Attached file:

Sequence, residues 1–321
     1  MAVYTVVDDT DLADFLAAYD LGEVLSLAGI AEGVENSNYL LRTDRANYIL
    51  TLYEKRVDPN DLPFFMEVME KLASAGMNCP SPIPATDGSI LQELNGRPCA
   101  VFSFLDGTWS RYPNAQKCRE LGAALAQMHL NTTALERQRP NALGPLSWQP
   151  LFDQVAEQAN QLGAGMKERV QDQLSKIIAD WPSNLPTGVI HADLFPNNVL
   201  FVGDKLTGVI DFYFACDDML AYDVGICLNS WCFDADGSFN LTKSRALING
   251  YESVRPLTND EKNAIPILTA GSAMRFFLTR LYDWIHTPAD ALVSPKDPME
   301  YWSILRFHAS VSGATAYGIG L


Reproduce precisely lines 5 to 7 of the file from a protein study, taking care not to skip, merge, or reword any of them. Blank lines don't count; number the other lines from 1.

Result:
   151  LFDQVAEQAN QLGAGMKERV QDQLSKIIAD WPSNLPTGVI HADLFPNNVL
   201  FVGDKLTGVI DFYFACDDML AYDVGICLNS WCFDADGSFN LTKSRALING
   251  YESVRPLTND EKNAIPILTA GSAMRFFLTR LYDWIHTPAD ALVSPKDPME